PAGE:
Elected officials are working with the University of Chicago Medicine to conduct a study on potential environmental causes of cancer throughout the city, including the 19th Ward.

Local residents should do their part to ensure the study is as thorough as possible.

The Chicago Multiethnic Prevention and Surveillance Study (COMPASS) is designed by researchers to understand how lifestyle, healthcare delivery, environment and genetics affect health. COMPASS aims to determine why certain population groups in Chicago have higher rates of occurrence of cancer and chronic diseases than others do.

Participants must be 35 and permanent residents of the city. They will be asked to complete a specially designed interview, which includes questions about lifestyle, environmental exposure and medical history, and to provide a blood sample and urine sample. Radon and drinking water tests in various homes may also be conducted.

A community meeting on the study was held on Feb. 18 at Morgan Park Academy, with State Sen. Bill Cunningham, 19th Ward Ald. Matt O’Shea, state Rep. Fran Hurley and state Rep. Kelly Burke joining University of Chicago officials to explain more about the study, which was first introduced locally a year ago.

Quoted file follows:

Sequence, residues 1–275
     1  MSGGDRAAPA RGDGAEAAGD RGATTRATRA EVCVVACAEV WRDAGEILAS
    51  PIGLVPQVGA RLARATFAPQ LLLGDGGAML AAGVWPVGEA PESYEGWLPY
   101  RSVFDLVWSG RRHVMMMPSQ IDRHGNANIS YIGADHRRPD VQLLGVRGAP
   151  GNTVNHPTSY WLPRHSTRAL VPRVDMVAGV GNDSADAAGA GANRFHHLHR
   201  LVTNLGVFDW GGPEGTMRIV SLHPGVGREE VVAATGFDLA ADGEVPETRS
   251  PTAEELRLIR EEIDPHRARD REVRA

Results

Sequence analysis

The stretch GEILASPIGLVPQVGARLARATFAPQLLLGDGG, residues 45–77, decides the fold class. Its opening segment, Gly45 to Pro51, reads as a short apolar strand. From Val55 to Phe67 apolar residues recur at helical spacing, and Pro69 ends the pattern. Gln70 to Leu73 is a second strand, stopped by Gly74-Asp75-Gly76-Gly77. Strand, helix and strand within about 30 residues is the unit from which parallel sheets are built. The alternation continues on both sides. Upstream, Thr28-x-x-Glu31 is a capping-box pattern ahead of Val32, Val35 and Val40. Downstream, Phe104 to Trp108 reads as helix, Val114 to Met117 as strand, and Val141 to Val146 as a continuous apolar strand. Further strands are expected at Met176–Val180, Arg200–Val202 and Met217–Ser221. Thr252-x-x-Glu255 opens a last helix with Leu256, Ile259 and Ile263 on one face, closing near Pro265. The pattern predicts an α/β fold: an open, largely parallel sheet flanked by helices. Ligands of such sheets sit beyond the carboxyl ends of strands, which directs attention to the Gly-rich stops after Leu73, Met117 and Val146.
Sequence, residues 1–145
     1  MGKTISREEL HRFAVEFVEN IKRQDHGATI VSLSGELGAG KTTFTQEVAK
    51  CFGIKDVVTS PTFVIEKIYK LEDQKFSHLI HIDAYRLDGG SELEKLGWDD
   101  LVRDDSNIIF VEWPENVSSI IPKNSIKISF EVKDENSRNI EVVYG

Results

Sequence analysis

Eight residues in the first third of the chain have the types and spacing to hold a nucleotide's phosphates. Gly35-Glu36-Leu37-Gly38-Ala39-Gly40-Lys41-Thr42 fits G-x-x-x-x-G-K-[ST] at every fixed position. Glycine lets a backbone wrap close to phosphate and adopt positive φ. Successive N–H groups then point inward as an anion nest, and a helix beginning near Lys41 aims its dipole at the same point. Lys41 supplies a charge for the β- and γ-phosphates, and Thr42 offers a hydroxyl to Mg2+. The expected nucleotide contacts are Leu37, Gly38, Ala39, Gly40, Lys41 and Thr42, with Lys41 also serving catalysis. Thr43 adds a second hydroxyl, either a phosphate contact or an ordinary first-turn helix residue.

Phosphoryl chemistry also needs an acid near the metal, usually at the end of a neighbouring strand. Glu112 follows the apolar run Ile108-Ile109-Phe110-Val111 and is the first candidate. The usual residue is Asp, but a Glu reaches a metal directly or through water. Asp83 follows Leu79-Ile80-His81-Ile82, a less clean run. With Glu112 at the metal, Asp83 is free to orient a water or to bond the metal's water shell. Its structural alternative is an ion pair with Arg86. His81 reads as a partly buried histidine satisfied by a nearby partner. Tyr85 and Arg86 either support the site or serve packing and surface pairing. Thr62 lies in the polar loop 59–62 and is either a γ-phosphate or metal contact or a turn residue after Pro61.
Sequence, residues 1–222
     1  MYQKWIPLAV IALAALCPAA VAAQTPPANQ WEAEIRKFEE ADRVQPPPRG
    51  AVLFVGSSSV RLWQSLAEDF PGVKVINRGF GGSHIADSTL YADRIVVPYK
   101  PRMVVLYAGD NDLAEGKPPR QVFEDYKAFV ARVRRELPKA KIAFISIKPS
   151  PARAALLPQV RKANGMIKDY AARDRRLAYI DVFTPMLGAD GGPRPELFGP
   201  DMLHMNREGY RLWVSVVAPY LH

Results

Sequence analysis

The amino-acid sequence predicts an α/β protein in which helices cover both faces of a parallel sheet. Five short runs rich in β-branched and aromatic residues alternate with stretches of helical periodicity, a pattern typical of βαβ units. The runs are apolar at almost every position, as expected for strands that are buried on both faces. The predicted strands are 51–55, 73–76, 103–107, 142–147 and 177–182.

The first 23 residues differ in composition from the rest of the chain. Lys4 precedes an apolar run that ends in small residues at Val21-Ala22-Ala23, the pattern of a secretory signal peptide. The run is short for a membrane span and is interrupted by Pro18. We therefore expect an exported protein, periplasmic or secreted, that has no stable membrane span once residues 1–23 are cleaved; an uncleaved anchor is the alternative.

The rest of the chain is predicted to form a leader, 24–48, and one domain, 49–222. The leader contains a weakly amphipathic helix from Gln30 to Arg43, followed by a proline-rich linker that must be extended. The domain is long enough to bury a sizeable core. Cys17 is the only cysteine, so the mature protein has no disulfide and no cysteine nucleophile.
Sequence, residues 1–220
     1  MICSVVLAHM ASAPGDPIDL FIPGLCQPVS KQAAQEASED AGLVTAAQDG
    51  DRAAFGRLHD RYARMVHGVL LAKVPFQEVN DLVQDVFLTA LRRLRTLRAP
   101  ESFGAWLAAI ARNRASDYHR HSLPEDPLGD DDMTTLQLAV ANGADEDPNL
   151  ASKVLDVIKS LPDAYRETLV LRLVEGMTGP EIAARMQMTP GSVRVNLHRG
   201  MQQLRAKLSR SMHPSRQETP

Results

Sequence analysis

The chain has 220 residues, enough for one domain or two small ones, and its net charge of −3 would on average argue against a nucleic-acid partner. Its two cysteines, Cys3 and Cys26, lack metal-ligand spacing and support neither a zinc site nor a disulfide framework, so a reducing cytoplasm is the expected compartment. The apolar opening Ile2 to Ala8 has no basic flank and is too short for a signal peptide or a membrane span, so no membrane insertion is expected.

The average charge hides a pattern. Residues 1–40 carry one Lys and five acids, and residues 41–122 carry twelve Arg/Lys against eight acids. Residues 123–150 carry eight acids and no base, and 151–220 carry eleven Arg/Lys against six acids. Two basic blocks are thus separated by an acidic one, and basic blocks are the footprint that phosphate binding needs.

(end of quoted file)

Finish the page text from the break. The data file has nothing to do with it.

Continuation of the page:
Attendance was at about 100 people, which disappointed both officials and attendees.

Officials also said enrollment among residents in the neighborhood was low. They hope to have 100,000 people from the city take part. Mobile units will be used in March to accept sign-ups.

The community frequently steps up to fight cancer, whether it’s through fundraisers or emotional support such as hanging ribbons near the home of someone who has been diagnosed.

COMPASS offers another way to fight back by taking a deeper look at what might be causing so many people to be diagnosed. Other factors could play a role besides the environment, but it’s worth researching.

O’Shea was set to join city officials at a public meeting at Morgan Park High School on March 6, after press time, to discuss lead levels in the water supply. Attendees at the COMPASS meeting voiced concerns about lead, and they likely did so at the meeting on March 6.

Hopefully, that meeting draws more people than the COMPASS meeting did.

And hopefully, future COMPASS meetings will attract a larger crowd.

For more on the study or to register, email 19thwardhealthstudy@gmail.com.